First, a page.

Peat soil is an expressive material. It's formation so slow and delicate that you can still see the decay of a leaf from many centuries ago. Peatlands are special places, taking up just a fraction of the earth's surface yet storing more carbon than any other terrestrial ecosystem. They are water sources, providing life to those around them. Yet, in many parts of our planet these precious lands are being eaten into. Today there are vast areas of open brown peat soil exposed to the air, eroding and dispersing. We eat into our peatlands when we drain, burn and extract them.
"When I first learnt about peatlands and their powerful role in the climate and ecological system I had the feeling that the earth beneath my feet was suddenly not what it seemed to be."
For me, this is the starting point of the Pendle Peat Pie project. To, on the one hand, celebrate the regeneration of the Pendle Hill peatlands, and on the other, highlight our intimate connection with these ecosystems.The project tells the story of the local people’s work, replanting and rewetting the peat on Pendle Hill and highlights the peatland’s role in creating flood protection, fire prevention, biodiversity and clean water for the area. In fact, this tale of local transformation goes beyond the Pendle Hill community because the cooling effect from the carbon storage will have global implications, reaching others in most impacted places. This edible collaboration between an artist, an ecologist, and a cook, reminds us that the restoration of our landscape both nourishes us directly, and brings us closer to our community.
"...both recipe and peat can be looked at as records of our human histories and ever changing identities."
The food we eat both unites us with the soil, and with our cultures and traditions. In the case of the Pendle Peat Pie, there is a coming together of traditional flavour and form, a culinary re-rooting if you like. The pie is often seen as the quintessential dish of northern England, while its South Asian inspired lentil filling dispersed with chips, honours the mixed heritage present in the area today. Cultures are formed slowly just like a peatland. While eating this pie, I am reminded of the passing down of recipe from parent to child, from one generation to the next forming food cultures and traditions. It makes me think of how the layers of peat are thickened over the duration of entire civilisations, forming through countless culinary turning points. In this way, both recipe and peat can be looked at as records of our human histories and ever changing identities.
"Rewetting and restoring our peatland ecosystems may be one of the most urgent tasks of this decade"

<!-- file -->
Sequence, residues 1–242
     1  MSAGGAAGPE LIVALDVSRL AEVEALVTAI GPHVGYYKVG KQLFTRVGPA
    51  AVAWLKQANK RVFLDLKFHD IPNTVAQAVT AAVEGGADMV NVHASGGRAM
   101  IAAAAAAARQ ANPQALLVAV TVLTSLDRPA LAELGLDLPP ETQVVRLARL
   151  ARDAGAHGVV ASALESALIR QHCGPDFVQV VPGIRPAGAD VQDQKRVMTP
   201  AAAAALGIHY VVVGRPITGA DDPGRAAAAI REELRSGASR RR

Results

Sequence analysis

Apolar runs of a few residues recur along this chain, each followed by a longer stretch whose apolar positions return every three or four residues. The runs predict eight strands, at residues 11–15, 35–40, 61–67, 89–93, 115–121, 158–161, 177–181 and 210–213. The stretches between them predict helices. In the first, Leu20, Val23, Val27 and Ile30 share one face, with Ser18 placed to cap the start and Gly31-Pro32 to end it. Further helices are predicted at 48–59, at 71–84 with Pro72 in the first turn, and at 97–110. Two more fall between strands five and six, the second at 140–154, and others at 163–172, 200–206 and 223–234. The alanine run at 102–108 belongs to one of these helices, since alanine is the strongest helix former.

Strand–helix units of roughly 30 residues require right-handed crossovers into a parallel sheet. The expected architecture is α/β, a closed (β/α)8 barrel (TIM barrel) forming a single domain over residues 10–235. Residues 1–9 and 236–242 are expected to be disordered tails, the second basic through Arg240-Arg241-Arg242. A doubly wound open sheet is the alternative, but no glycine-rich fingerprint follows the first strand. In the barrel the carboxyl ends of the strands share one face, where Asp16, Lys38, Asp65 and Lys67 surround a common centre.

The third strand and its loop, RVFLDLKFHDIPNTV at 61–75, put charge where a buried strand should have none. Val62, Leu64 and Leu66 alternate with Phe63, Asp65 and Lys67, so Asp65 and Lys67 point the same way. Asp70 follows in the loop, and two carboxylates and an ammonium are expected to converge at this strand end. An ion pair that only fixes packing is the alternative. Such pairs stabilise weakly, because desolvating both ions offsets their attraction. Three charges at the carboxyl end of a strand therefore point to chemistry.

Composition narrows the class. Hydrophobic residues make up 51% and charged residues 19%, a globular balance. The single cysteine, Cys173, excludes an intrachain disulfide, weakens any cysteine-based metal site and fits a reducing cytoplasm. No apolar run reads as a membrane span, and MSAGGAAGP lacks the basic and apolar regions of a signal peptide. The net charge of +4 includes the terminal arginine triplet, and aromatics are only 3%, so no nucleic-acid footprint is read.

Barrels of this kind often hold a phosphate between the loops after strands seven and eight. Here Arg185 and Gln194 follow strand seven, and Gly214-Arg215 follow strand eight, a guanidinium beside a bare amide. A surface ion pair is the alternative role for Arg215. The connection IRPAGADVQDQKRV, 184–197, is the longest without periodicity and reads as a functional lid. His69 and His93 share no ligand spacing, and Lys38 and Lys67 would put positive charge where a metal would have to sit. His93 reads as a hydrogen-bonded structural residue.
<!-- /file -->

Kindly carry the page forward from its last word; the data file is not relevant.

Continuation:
When I first learnt about peatlands and their powerful role in the climate and ecological system I had the feeling that the earth beneath my feet was suddenly not what it seemed to be. In that moment, the world I knew was once again surprising. It was the kind of unearthing surprise I got when I first grasped that the beach I was laying on was made of the shells of a million dead sea creatures, or that the trees around me could communicate through the fungal networks beneath the forest ground. Without warning I was exposed to a complex and deeply embedded system that was taking place around me. One with a more ancient force than my short life-span could fully comprehend.
Image: Frankie presenting a youth-themed session at the COP26 Peatland Pavilion in Glasgow
These ecosystems may look muted but they are far from it. Rewetting and restoring our peatland ecosystems may be one of the most urgent tasks of this decade, for without healthy peatlands we will not stay below the 1.5 degrees warming, without their habitat we will lose ever more creatures and unique plants and we will leave ourselves ever more vulnerable to the rapidly changing weather patterns.
"eating a Pendle Peat Pie becomes connected with communicating, sharing and growing...To be nourished by the peat and to nourish it in return."
The story of the peatlands is one that will take many voices. Meal times are an opportunity to bring people together, they are some of the most important storytelling moments in our busy lives. In that way, eating a Pendle Peat Pie becomes connected with communicating, sharing and growing. This project is an opportunity to open your mouth, to eat some delicious pie and to talk about this topic. To be nourished by the peat and to nourish it in return.
Frankie Turk is is a founding member of the youth-led collective RE-PEAT, an organisation that approaches the topic of peatlands through interdisciplinary collaborations, education programs and creative means of communicating.
Frankie created the Pendle Peat Pie illustrations as part of the collaboration with Kerry Morrison on Deep Peat as part of The Gatherings, with Pendle Hill Landscape Partnership.